Novel approachs in cardiac disease - Regeneration & new drugs

Fach: Cardiovascular research III / Cardio-Pulmonary Institute (CPI)

Stand: WiSe 2021/22

Dieses englischsprachige Wahlfach ergänzt unser Wahlfachangebot in Deutsch - Englischkenntnisse sind hierfür unbedingt erforderlich!

Short description:

Myocardial infarction causes cardiac cell death and contractile dysfunction leading to adverse patient outcomes - yet effective therapies remain lacking. Patients with heart failure suffer from major impairments in quality of life and poor long-term prognosis. Loss of cardiomyocytes is a major hallmark of heart failure and is linked to an approximate 25% decrease in cardiomyocytes due to cell death. However, unlike other tissues that can compensate cell death through proliferative induction, cardiomyocytes are post-mitotic and have very limited capacity for proliferation, regeneration or repair to restore damaged tissue to overcome remodeling and fibrotic processes leading to heart failure and death. Thus, there remains a high unmet need for novel therapeutics to reduce heart failure morbidity and mortality. This course will provide the experimental background to study cardiac regeneration ex vivo, in a state-of-the-art self-organised human cardiac organoid system that we have established.

iPSC-derived human cardiac organoids have been shown to recapitulate heart tissue function and pathophysiologic responses - providing a powerful in vitro system to study cardiogenesis, genetic cardiomyopathies, stress-induced disease, and as a platform to identify and validate novel drugs. Our lab has established the generation of adult self-organizing cardiac organoids (SCOs), which spontaneously organize into epicardial, myocardial and endocardial layers, and contain all cell types of the native human myocardium including cardiomyocytes, endothelial cells, cardiac fibroblasts, pericytes, smooth muscle cells, macrophages and neurons. Further, the SCOs reveal a distinct cardiac lumen, contain mature 3D vascular networks, and mimicked mature human myocardial responses to stress and benchmark compound stimulation.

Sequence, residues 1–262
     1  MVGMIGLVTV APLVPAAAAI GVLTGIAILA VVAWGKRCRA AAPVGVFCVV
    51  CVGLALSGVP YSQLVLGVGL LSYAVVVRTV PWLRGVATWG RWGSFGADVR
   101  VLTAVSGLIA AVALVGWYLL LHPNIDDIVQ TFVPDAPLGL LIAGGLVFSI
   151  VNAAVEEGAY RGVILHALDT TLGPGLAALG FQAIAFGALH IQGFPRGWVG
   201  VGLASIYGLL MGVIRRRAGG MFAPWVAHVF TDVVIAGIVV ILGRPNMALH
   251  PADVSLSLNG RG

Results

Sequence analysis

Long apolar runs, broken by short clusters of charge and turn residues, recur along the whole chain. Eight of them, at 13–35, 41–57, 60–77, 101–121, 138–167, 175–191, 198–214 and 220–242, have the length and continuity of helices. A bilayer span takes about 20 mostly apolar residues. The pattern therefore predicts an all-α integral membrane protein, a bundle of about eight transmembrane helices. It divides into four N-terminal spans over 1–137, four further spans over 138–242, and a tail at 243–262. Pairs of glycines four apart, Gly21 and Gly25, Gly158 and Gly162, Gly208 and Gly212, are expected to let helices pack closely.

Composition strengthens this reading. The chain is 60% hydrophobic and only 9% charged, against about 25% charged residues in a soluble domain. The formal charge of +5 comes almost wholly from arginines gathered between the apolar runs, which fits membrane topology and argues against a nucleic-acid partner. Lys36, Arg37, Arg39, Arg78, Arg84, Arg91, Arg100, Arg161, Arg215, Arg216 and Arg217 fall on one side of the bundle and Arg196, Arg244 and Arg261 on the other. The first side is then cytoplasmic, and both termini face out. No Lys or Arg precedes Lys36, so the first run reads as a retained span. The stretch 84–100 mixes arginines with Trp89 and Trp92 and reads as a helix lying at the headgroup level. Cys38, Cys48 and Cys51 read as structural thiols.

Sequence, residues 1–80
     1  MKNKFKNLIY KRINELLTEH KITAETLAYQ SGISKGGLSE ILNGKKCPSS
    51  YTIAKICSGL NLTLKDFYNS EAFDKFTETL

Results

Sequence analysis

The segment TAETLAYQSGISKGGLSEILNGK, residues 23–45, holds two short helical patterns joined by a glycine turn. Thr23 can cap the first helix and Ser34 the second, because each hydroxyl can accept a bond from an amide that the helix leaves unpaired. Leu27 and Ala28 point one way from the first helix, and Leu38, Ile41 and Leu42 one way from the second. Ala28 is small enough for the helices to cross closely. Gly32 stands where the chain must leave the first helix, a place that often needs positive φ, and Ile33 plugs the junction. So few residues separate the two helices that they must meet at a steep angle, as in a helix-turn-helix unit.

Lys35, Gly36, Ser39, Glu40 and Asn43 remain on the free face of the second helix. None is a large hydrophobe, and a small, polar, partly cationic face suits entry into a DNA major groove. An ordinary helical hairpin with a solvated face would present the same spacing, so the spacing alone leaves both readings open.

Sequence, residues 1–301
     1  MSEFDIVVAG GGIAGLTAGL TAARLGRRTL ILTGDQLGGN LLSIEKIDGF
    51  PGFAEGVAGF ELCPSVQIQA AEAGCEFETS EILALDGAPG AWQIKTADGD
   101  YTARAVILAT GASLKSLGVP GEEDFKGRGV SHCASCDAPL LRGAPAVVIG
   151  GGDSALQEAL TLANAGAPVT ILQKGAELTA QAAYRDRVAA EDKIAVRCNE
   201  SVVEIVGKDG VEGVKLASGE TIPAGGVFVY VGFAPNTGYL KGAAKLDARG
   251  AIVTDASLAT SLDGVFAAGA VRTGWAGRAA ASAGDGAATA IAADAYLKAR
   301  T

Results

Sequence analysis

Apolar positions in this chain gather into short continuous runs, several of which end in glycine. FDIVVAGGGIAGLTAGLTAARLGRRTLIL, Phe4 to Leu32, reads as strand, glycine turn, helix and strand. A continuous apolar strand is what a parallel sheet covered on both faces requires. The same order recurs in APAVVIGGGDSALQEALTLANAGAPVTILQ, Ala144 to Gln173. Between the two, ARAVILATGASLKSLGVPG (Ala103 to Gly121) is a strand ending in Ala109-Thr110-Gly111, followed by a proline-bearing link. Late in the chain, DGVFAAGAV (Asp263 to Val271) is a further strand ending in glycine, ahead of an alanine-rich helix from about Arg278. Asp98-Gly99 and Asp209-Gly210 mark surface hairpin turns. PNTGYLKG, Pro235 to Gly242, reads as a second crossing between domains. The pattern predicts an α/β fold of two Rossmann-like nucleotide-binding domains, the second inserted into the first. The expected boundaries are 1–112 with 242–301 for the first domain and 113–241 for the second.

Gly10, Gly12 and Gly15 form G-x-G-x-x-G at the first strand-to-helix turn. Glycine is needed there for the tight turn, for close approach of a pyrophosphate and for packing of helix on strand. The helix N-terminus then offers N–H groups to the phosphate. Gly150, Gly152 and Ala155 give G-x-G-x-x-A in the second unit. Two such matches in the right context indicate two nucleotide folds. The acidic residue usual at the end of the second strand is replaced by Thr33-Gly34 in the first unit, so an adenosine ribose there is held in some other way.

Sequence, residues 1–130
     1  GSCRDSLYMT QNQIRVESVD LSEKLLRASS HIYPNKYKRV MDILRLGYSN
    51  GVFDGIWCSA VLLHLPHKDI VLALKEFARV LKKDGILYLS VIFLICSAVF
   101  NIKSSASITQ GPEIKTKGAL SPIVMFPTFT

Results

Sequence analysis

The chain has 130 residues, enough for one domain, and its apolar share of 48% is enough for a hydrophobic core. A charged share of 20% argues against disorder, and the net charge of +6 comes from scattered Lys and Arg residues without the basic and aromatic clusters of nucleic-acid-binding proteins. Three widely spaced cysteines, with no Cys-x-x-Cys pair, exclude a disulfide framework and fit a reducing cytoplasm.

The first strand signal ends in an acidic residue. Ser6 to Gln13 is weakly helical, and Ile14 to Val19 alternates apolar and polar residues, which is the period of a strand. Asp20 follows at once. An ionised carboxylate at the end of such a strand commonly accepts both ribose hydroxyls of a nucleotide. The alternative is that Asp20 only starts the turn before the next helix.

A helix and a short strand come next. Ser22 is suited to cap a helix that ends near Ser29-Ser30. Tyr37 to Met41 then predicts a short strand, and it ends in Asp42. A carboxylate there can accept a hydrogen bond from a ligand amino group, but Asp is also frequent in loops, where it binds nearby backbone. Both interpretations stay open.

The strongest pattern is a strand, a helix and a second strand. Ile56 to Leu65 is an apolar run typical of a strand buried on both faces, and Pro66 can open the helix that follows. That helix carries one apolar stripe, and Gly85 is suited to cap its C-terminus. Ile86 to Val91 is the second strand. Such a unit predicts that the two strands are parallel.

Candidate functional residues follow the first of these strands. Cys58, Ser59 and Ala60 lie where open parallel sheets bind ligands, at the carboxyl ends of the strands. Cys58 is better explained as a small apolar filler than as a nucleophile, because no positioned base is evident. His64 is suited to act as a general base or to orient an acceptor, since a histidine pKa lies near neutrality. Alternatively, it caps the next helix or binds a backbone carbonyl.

In this setting, we will study the differential effects of drugs on proliferative responses in cardiomyocytes, endothelial cells and pericytes/smooth muscle cells. This Elective will run over 2 consecutive days, comprising of a Teaching/Seminar component (2-3hrs) and a Practical component (8-12hrs). The Practical component will involve observation, handling and staining of 3D cardiac cultures with proliferation and cell lineage markers, followed by confocal microscopic imaging and quantitative analysis of lineage-specific cell proliferation.

Depending on student interest, there would be the opportunity to tailor the course towards a greater focus and emphasis on metabolic or contractile/functional adaptations of drugs on proliferative responses.

The language of the course is English.

https://ivs.uni-frankfurt.de/de/wahlfach

Kursrichtlinien für die Scheinvergabe

Assessment will be based on a Scientific paper-format (Abstract, Introduction, Materials and Methods and Discussion) report - where the student is expected to qualitatively and quantitatively detail their observations, findings and conclusions. No missing hours are allowed.

Literaturempfehlung

  1. U. G. Wagner, M. D. Pham, L. Nicin, M. Hammer, K. Bottermann, T. Yuan, R. Sharma, D. John, M. Muhly-Reinholz, L. Tombor, M. Hardt, J. Madl, S. Dimmeler, J. Krishnan, Dissection of heterocellular cross-talk in vascularized cardiac tissue mimetics. J Mol Cell Cardiol 138, 269-282 (2019).
  2. Guimarães-Camboa, J. Stowe, I. Aneas, N. Sakabe, P. Cattaneo, L. Henderson, Michael S. Kilberg, Randall S. Johnson, J. Chen, Andrew D. McCulloch, Marcelo A. Nobrega, Sylvia M. Evans, Alexander C. Zambon, HIF1α Represses Cell Stress Pathways to Allow Proliferation of Hypoxic Fetal Cardiomyocytes. Developmental Cell 33, 507-521 (2015).
  3. Guimarães-Camboa, P. Cattaneo, Y. Sun, T. Moore-Morris, Y. Gu, N. D. Dalton, E. Rockenstein, E. Masliah, K. L. Peterson, W. B. Stallcup, J. Chen, S. M. Evans, Pericytes of Multiple Organs Do Not Behave as Mesenchymal Stem Cells In Vivo. Cell Stem Cell 20, 345-359.e345 (2017).
  4. Moore-Morris, N. Guimarães-Camboa, I. Banerjee, A. C. Zambon, T. Kisseleva, A. Velayoudon, W. B. Stallcup, Y. Gu, N. D. Dalton, M. Cedenilla, R. Gomez-Amaro, B. Zhou, D. A. Brenner, K. L. Peterson, J. Chen, S. M. Evans, Resident fibroblast lineages mediate pressure overload–induced cardiac fibrosis. Journal of Clinical Investigation 124, 2921-2934 (2014).
  5. P. Hofbauer, S. M. Jahnel, N. Papai, M. Giesshammer, A. Deyett, C. Schmidt, M. Penc, K. Tavernini, N. Grdseloff, C. Meledeth, L. C. Ginistrelli, C. Ctortecka, Š. Šalic, M. Novatchkova, S. Mendjan, Cardioids reveal self-organizing principles of human cardiogenesis. Cell 184, 3299-3317.e3222 (2021).
  6. M. Alexanian, P. F. Przytycki, R. Micheletti, A. Padmanabhan, L. Ye, J. G. Travers, B. Gonzalez-Teran, A. C. Silva, Q. Duan, S. S. Ranade, F. Felix, R. Linares-Saldana, L. Li, C. Y. Lee, N. Sadagopan, A. Pelonero, Y. Huang, G. Andreoletti, R. Jain, T. A. McKinsey, M. G. Rosenfeld, C. A. Gifford, K. S. Pollard, S. M. Haldar, D. Srivastava, A transcriptional switch governs fibroblast activation in heart disease. Nature, (2021).

Termine

Siehe Angaben in der Student WebApp unter den Wahlveranstaltungen.

Leitung

Prof. Dr. Jaya Krishnan

Weitere Dozierende:

Dr. Nuno Camboa